By Ryan Hesketh (Bloomberg) –North Sea oil workers are staying offshore for as long as three weeks at a time, potentially increasing the risks of an already dangerous operating environment, according to unions.
Most oil workers in the U.K. follow a “2/3” work pattern — two weeks offshore followed by three weeks’ downtime. That reflects the perilous nature of a job handling heavy machinery and flammable products, often in cramped conditions and extreme weather. But with the coronavirus crisis causing thousands of job losses, shifts for the remaining workers are being stretched.
Offshore personnel are having to stay on platforms “right up to the limit,” Jake Molloy, a regional organizer for the RMT union, said by phone. “The general public don’t understand the stresses and strains of being offshore; three weeks would break me.”
Around 7,500 jobs in the U.K. oil and gas industry have been lost amid the pandemic and 30,000 more are expected to go by the end of next year, according to trade body Oil & Gas U.K. Offshore workers may feel pressure to agree to longer shifts for fear of being among that number, said Dominic Pritchard, an organizer for the GMB union.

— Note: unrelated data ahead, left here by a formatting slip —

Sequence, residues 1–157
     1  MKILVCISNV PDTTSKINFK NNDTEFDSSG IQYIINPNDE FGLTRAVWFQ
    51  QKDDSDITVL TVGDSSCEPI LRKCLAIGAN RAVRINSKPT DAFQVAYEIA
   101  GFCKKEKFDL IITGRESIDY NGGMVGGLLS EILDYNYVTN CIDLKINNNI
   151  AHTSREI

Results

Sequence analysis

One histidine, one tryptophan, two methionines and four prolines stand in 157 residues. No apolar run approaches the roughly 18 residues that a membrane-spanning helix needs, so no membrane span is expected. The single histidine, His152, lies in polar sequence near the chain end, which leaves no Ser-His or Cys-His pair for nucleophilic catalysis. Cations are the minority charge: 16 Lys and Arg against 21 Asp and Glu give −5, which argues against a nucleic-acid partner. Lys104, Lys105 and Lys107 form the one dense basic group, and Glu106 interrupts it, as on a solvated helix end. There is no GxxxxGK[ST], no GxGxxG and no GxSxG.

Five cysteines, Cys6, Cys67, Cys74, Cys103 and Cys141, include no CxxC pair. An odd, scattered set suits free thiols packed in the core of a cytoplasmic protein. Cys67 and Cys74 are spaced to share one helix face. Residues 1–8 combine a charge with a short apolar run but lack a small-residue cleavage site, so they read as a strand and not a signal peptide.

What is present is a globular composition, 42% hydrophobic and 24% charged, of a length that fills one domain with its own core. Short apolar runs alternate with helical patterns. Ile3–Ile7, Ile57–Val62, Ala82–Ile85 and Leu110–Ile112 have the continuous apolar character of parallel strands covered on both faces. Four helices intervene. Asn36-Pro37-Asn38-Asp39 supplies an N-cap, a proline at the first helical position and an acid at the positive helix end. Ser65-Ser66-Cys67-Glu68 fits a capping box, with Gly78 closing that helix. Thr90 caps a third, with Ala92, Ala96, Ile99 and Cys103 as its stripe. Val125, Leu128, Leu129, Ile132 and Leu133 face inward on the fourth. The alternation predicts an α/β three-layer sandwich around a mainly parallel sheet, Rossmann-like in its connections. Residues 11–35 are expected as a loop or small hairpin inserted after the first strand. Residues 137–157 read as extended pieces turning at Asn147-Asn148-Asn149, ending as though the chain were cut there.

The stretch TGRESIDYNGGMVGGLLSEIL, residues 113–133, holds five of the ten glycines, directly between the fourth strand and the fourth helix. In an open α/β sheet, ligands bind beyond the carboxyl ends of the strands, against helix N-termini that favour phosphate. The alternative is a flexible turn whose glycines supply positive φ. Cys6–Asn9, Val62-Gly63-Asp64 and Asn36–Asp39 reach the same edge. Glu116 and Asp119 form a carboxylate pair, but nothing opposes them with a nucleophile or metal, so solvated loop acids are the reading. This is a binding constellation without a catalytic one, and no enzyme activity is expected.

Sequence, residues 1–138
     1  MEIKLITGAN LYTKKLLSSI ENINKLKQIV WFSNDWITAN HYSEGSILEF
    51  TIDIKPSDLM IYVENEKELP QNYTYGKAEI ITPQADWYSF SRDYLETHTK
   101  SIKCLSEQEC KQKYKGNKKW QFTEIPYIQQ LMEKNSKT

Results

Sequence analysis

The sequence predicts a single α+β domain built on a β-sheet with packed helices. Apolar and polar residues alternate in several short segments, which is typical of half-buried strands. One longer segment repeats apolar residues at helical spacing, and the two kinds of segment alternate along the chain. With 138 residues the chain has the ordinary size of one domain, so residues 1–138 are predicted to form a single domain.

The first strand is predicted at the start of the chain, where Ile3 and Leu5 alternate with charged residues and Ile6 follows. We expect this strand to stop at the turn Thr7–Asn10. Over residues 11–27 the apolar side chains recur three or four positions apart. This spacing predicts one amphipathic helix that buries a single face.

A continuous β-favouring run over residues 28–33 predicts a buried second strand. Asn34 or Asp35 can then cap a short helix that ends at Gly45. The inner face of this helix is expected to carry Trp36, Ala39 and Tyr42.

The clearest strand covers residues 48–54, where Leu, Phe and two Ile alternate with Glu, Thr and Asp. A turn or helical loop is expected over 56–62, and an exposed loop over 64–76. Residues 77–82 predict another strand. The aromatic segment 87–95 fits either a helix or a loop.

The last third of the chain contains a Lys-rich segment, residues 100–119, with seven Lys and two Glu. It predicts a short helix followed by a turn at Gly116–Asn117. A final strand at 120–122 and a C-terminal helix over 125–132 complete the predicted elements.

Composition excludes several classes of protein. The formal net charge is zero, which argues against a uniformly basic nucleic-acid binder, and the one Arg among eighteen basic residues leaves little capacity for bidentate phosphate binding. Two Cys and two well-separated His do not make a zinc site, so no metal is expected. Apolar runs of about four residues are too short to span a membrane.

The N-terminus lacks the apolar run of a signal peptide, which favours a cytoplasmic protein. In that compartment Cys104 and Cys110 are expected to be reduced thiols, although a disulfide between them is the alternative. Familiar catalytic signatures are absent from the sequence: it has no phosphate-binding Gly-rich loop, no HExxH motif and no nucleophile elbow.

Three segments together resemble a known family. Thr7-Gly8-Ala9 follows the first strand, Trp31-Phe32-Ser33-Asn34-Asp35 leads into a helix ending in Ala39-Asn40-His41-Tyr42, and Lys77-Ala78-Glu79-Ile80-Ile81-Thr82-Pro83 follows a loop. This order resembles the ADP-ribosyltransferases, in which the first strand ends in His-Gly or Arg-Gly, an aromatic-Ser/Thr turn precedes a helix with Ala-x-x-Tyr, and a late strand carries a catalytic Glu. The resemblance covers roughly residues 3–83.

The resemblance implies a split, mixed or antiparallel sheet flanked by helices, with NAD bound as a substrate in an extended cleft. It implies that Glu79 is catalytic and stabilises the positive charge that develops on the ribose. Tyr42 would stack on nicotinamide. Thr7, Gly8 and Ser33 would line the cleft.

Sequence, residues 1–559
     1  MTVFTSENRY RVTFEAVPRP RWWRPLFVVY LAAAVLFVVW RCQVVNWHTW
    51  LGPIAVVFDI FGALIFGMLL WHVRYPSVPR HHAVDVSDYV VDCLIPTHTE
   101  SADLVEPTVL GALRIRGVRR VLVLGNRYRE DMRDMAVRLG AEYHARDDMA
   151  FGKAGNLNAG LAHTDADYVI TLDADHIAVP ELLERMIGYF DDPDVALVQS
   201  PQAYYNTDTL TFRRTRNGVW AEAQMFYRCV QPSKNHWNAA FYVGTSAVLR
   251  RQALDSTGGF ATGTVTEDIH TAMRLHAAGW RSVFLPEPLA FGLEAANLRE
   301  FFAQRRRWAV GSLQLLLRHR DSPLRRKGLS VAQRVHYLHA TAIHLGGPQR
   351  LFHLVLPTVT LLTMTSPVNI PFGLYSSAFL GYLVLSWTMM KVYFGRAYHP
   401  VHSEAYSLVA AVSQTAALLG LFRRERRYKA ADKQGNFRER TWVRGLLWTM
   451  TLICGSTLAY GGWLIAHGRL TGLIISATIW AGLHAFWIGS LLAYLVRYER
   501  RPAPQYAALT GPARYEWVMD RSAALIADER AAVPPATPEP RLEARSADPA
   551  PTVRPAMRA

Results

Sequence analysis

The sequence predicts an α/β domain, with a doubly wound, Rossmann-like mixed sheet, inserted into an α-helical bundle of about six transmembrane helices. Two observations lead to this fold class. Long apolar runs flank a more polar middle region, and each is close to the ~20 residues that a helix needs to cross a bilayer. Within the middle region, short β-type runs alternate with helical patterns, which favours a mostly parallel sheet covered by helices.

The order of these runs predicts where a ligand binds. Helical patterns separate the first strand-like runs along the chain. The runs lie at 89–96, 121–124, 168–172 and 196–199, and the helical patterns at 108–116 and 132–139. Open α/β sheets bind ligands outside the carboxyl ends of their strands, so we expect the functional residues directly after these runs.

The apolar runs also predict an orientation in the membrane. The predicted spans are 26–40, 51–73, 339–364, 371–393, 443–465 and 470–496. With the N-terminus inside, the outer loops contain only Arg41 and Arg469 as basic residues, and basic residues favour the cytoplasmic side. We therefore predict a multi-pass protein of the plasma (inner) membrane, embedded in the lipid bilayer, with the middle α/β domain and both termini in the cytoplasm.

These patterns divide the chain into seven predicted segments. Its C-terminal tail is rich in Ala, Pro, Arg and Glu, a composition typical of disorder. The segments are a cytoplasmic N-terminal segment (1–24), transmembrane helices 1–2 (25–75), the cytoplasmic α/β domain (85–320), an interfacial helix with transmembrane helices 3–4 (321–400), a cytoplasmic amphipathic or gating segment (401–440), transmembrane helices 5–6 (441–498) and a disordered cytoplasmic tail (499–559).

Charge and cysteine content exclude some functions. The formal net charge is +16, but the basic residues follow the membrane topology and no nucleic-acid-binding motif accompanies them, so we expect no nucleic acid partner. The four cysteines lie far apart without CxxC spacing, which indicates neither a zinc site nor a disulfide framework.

Offshore recruitment company Airswift dismissed the suggestion that operators are putting worker safety at risk.
“Safety is the core value of every oil company,” Paul Murphy, Airswift’s recruitment director, said by phone. Most offshore personnel are “itching to get back and save their jobs,” he said, insisting that improvements in technology and compliance have offset any increased risks from working 3/3 shifts.
Nevertheless, research published by the Offshore Contractors’ Association, which works with several trade unions, showed such shifts can increase fatigue and harm mental health and concentration, raising the risk of accidents.
Multiple exploration and production companies operating in the region were contacted for comment. All either declined to comment or didn’t respond.
While the North Sea has a good safety record, “all the studies” show 3/3 shifts “most certainly do not make for a safer work environment,” the GMB’s Pritchard said. “There’s a certain amount of opportunism coming during this moment of uncertainty,” he said. “It’s not illegal, but it is immoral.”
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